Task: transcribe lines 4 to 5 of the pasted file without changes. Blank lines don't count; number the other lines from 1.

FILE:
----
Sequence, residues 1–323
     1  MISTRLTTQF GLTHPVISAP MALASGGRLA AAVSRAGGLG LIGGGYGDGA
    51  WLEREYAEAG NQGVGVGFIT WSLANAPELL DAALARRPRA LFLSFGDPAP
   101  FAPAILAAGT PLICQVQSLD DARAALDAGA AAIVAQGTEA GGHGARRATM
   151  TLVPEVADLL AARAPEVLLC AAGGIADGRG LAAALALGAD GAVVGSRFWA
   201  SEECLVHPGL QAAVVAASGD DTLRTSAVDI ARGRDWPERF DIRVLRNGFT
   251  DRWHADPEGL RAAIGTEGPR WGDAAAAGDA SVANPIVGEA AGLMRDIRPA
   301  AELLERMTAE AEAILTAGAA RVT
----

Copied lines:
   101  FAPAILAAGT PLICQVQSLD DARAALDAGA AAIVAQGTEA GGHGARRATM
   151  TLVPEVADLL AARAPEVLLC AAGGIADGRG LAAALALGAD GAVVGSRFWA